Foot in the Door
The D.C.-raised emcee and producer Amir “Oddisee” Mohamed has found favor with conscious hip-hop audiences by emphasizing morality and substantive content over commercial pretensions, even if his lyrics fall short of greatness. On his latest, Foot in the Door, he covers topics such as minstrelsy in hip-hop, Islam and gentrification. Granted, Oddisee doesn’t always come off as the world’s greatest politician, given that he traffics in sentimentality and often sees things in stark terms of black and white, or good and evil. On a particularly fierce track “Gentrification,” he complains that an influx of Toms and Janes displaced the Leroys in his neighborhood; moreover, he scorns white people for replacing all the old mom-and-pop stores with Starbucks and Ikea, and then doubling the price of a chili dog and fries at Ben’s Chili Bowl. Such clichés probably detract from Oddisee’s skills as a politically-astute lyricist. Still, he shows he can speak intelligently on something other than his wardrobe. Considering that New York’s current rap kingpin only just decided to broach the subject of Hurricane Katrina, Oddisee’s way ahead of the game.
Oddisee’s production — which owes its style to mentors Kev Brown and veteran DJ Jazzy Jeff — mostly outpaces his lyrical content, though it’s not aimed for a commercial audience, either. Essentially, this guy does the exact opposite of what anyone trying to make a hit record would do. He includes 34 tracks instead of the requisite 8 or 10. Rather than tap into the familiar hip-hop album formula (which comprises one or two discernible club songs, the requisite fallen comrades song, and the obligatory sensitive guy song, with some filler in between) Oddisee uses smooth beats throughout, often blending the cuts together so seamlessly (thanks to Jazzy Jeff, who “mixed” the songs together like a DJ set) that they sound like one long, sprawling track.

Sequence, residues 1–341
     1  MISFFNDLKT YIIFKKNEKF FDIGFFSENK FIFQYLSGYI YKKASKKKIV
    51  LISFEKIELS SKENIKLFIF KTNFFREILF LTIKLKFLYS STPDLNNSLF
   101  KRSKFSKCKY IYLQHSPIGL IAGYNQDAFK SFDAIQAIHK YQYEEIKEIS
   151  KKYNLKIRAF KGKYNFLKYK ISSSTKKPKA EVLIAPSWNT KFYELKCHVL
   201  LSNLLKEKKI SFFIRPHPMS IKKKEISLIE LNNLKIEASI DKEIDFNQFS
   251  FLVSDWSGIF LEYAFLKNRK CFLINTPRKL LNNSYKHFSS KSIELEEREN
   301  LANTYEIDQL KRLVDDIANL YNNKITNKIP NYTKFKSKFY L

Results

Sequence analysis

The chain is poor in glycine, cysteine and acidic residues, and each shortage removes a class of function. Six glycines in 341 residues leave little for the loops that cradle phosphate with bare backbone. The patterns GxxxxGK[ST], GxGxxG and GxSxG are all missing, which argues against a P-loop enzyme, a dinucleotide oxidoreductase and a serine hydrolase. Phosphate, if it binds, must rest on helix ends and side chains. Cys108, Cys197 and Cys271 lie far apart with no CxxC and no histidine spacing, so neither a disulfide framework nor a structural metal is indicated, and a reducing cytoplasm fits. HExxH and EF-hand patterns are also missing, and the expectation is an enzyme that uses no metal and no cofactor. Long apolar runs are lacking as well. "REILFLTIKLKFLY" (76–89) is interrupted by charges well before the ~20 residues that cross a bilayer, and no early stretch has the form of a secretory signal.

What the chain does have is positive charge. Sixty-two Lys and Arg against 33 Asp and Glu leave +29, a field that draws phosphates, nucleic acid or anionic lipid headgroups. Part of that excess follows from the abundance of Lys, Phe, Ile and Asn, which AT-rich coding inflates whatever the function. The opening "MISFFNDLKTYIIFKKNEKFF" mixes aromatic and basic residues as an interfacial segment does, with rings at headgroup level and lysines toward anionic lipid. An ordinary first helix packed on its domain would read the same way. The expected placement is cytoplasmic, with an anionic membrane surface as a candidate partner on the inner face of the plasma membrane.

Oddisee’s uniform musical style undermines the replay value of Foot in the Door, even if it makes the initial listening experience more pleasurable. But it doesn’t seem like he’s out to make something to turn out a dancefloor or get mad radio play, anyway. He’s trying to accomplish what the Perceptionists did with Black Dialogue: Make an album with a strident political message that’s hooky enough to convert the uninitiated. On that level, he succeeds.
— Rachel Swan